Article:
THE ROLE OF INDIAN CLASSICAL DANCE IN EDUCATION
by Suprava Mishra, Rajkot
Dance is the form of vibration of our body and mind. It is a form of worship through which a dancer can reach the Almighty. It is a form of Yoga. A dancer can only reach this stage through continuous training i.e. 'Sadhana'. So, in my view, for the child who wants to learn dance, the first thing she has to do is undergo hard training from which she will learn discipline and patience which are the most important factors in a child's life.
The second thing is the total body movement of a dancer so that a child has her complete physical fitness and get control over the body. The third thing, dance is a mode of expression of our inner feelings. So, she can express herself through dance. In that way she will develop self-belief and self-confidence. The fourth thing, Indian Classical Dance is based on mythology & puranas. So when a child learns dance, she is bound to know the story of Mahabharata, Ramayana, Bhagavat Geeta, Shiv Purana, immortal books of Mahakavi Kalidas etc. In this way she can also learn the great Indian Literature. Thus her knowledge will be enhanced. Fifth thing, when a child learns Indian classical dance, she will automatically come to know about the rich cultural heritage of India.
We speak of culture as simplifying an all round development of human faculties. It has been said, "science is curiosity about life, art is wonder at life, philosophy is an attitude towards life and religion is reverence for life". True culture includes all these four aspects and a cultured man ought to show development along all these four lines. It is therefore obvious that education in aesthetics is as essential if not more than mere intellectual or physical education. Man can never be complete or balanced or harmonical unless his emotions are trained, developed and sublimated, and herein comes the need for introducing art in our educational curriculum as a compulsory subject. Classical Dance is the highest form of art.
The true object of education is to develop human personality in all its aspects. Any over emphasis on a particular aspect to the neglect of another may lead to a kind of lop-sided development which in the long run may do more harm than good. There was a time in our educational history when emphasis was laid only upon the intellectual development of the student. In those days there was very little attention paid even to physical development. Later, they began to consider the importance of physical instruction so much so that one's proficiency in sports was given great weight in selecting candidates for certain appointments. But man is not merely his intellect and his physical body. He is much more. He has his emotions which play a more vital part in his development and the development of his nation than is ordinarily recognized.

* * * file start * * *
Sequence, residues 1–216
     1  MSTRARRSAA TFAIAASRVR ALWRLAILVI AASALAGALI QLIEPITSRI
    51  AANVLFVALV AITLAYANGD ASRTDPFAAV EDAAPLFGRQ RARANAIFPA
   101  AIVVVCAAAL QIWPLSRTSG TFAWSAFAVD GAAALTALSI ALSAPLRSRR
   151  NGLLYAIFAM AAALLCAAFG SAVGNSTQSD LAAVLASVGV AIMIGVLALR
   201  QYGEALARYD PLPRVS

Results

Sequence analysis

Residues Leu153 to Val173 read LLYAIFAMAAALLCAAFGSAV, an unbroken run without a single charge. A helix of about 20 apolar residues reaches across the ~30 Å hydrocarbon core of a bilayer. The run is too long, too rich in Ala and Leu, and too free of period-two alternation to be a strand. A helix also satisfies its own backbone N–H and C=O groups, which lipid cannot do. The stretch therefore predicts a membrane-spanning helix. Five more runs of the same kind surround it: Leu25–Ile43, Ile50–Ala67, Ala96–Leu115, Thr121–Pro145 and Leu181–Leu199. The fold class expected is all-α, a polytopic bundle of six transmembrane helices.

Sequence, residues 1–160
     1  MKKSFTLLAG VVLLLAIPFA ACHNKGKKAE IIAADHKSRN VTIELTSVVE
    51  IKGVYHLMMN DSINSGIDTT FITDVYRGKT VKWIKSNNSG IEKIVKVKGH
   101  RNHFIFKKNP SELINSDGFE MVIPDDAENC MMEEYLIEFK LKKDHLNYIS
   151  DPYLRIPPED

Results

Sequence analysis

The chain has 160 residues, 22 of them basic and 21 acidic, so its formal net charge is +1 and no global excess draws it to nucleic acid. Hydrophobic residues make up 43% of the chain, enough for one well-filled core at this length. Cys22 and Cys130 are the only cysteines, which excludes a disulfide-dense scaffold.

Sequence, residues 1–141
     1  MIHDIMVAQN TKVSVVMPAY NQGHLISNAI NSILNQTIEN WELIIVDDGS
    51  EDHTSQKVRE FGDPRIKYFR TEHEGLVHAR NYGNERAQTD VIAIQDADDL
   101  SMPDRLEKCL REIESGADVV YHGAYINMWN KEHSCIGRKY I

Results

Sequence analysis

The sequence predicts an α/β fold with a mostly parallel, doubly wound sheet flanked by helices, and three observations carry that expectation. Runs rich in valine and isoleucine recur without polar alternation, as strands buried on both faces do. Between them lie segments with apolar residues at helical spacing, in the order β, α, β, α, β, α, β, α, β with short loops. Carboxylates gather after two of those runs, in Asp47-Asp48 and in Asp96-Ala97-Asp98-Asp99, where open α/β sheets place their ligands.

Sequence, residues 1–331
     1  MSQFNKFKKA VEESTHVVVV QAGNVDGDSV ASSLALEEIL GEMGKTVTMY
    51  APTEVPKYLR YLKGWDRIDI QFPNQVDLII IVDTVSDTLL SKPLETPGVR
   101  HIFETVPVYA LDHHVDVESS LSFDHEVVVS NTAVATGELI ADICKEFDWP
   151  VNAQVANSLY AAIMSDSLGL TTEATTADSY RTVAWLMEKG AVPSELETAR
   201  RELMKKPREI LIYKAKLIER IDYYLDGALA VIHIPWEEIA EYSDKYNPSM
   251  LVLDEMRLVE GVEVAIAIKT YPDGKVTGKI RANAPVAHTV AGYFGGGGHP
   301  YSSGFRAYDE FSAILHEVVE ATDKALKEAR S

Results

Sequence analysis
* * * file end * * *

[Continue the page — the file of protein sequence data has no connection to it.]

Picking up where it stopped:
Unfortunately the development of human emotions has not received that attention which is due to it in our educational institutions. In one sense it may be said that the present dead lock in world affairs is due to a large extent due to the lop-sided development of human personality referred to above. All emphasis was laid on head development while the heart of humanity was allowed to starve. It is this over-development of the head at the expense of the heart that has gone a long way to supply the psychological basis for our modern troubles. If there had been a balanced progress of the head and heart, human nature would have developed certain fundamental moral values, which would have made it impossible for the present world muddle to come about. It is therefore, necessary that the heart development of the pupil should receive great attention at the hands of the educationalists. A great Chinese proverb says, "If you have two loaves, sell one and buy a lily". The implication is obvious. Do not concentrate your attention on only food and drink, but pay equal attention to the development of your aesthetic nature.
The greatness or littleness of the nation in the future is to a very large extent, dependent on how the youth of today are trained. In the first place, they have to become cultured citizens; they must help our nations to express the best in her, along her own lines and consistently with her special genius. The second idea at the back of an educational system properly organized must be to help the citizen to express himself as a unit of the nation to which he belongs. Each nation has a soul of its own which tries to express itself in several modes of thought and activity, and we are all, in one sense, only cells in that bigger organism. The standard culture of an eastern nation differs, in several essential points, from that of a western nation. And so in art there is a great national art peculiar to India. There are some special features about Indian Classical dance, which distinguish it from other dances of the world. And if our youth are to be trained to be channels for the expression of our national consciousness, the training of dance we impart to them must be truly national, truly Indian in spirit. There is nothing to prevent an Indian from admiring or learning foreign dance, but then she must already have learnt Indian dance.